The company complains that the arbitration procedure employed differed from that provided for by the collective-bargaining agreement. The collective-bargaining agreement states that arbitration is to be conducted by a board of three arbitrators, with a majority decision controlling, and that arbitration is to be complete within five weeks. Here, a single arbitrator rendered his decision more than eleven weeks after the discharge. The company's argument fails, however, because it consented to the irregular procedure. It should not be allowed now to raise technical procedural arguments to avoid an adverse ruling, especially since it makes no claim that it was harmed by the difference in procedure. Similarly, the company's argument that the arbitrator's award is invalid because it was not properly acknowledged under N.D.Cent.Code Sec. 32-29-06 (1976) must fail. See West Rock Lodge No. 2120, International Association of Machinists v. Geometric Tool Co., 406 F.2d 284 (2d Cir.1968). Finally, the company argues that the award is invalid under state law7 because the arbitrator was partial and imperfectly executed his powers. However, the company does not point to any facts, other than the adverse ruling itself, which might support this bare allegation, so we reject it.


The judgment of the District Court is affirmed.


Builders Supply Company is the distributing branch of Minot Builders Supply Association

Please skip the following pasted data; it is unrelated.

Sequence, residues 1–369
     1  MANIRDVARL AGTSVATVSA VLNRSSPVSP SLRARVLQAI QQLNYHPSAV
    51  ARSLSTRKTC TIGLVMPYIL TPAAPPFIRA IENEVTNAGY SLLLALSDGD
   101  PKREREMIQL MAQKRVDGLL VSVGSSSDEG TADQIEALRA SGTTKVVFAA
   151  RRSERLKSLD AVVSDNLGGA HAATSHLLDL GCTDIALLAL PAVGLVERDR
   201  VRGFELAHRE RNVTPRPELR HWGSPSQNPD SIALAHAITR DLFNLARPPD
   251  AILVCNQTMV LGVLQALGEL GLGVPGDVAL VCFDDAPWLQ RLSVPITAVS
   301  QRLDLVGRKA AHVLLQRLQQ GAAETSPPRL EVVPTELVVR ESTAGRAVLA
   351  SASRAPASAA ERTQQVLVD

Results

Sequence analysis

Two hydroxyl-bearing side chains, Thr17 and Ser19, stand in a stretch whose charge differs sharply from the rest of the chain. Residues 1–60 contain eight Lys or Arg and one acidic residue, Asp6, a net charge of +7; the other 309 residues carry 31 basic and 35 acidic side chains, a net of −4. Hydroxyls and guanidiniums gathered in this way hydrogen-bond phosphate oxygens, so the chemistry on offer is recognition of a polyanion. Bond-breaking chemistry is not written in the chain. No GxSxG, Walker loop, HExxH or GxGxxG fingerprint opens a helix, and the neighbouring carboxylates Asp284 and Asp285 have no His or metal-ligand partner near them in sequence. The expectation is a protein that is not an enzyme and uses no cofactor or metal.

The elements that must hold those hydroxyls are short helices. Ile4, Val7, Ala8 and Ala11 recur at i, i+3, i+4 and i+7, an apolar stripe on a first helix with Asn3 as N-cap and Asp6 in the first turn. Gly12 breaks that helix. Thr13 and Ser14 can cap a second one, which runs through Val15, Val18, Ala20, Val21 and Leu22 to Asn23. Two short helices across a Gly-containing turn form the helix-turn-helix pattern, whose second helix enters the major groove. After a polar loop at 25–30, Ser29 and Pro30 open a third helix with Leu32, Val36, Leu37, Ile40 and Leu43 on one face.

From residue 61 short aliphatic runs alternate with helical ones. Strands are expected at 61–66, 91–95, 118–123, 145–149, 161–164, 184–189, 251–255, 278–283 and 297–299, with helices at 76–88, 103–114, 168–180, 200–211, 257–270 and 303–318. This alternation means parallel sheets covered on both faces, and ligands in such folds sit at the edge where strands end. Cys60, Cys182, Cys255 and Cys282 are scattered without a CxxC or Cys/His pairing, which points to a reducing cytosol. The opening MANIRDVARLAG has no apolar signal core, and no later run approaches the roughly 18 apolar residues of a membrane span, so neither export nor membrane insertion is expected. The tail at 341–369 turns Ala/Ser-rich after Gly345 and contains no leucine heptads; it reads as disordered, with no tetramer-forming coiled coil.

The Hon. Bruce M. Van Sickle, United States District Judge for the District of North Dakota


The reference is to the Designated Record


N.D.Cent.Code Sec. 32-29-08 (1976) provides that any party to a matter submitted to arbitration may move the court designated in the submission to vacate the award upon the following grounds:


That such award was procured by corruption, fraud, or other undue means


That there was evident partiality or corruption in the arbitrators, or either of them


That the arbitrators were guilty of misconduct in refusing to postpone the hearing upon sufficient cause shown or refusing to hear any evidence pertinent and material to the controversy, or for any other misbehavior of such arbitrators by which the rights of any party shall have been prejudiced


That the arbitrators exceeded their powers, or that they so imperfectly executed them, that a mutual, final, and definite award on the subject matter submitted was not made


The company also argues that the "Notice of Appeal" is not an initial pleading required for removal. The company does not assert that any further action on its part would have been necessary to obtain review in state court, however, so we reject this argument


The company also argues that the District Court should have abstained. This argument is frivolous


N.D.Cent.Code Sec. 32-29-08 (1976), supra note 4